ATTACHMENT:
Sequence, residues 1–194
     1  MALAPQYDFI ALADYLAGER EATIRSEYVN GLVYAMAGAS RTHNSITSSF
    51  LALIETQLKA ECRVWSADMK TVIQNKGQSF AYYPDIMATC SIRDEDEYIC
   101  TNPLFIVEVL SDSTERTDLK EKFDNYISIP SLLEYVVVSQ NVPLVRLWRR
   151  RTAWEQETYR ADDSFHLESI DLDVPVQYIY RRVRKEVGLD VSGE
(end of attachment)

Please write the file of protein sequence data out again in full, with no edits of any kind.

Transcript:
Sequence, residues 1–194
     1  MALAPQYDFI ALADYLAGER EATIRSEYVN GLVYAMAGAS RTHNSITSSF
    51  LALIETQLKA ECRVWSADMK TVIQNKGQSF AYYPDIMATC SIRDEDEYIC
   101  TNPLFIVEVL SDSTERTDLK EKFDNYISIP SLLEYVVVSQ NVPLVRLWRR
   151  RTAWEQETYR ADDSFHLESI DLDVPVQYIY RRVRKEVGLD VSGE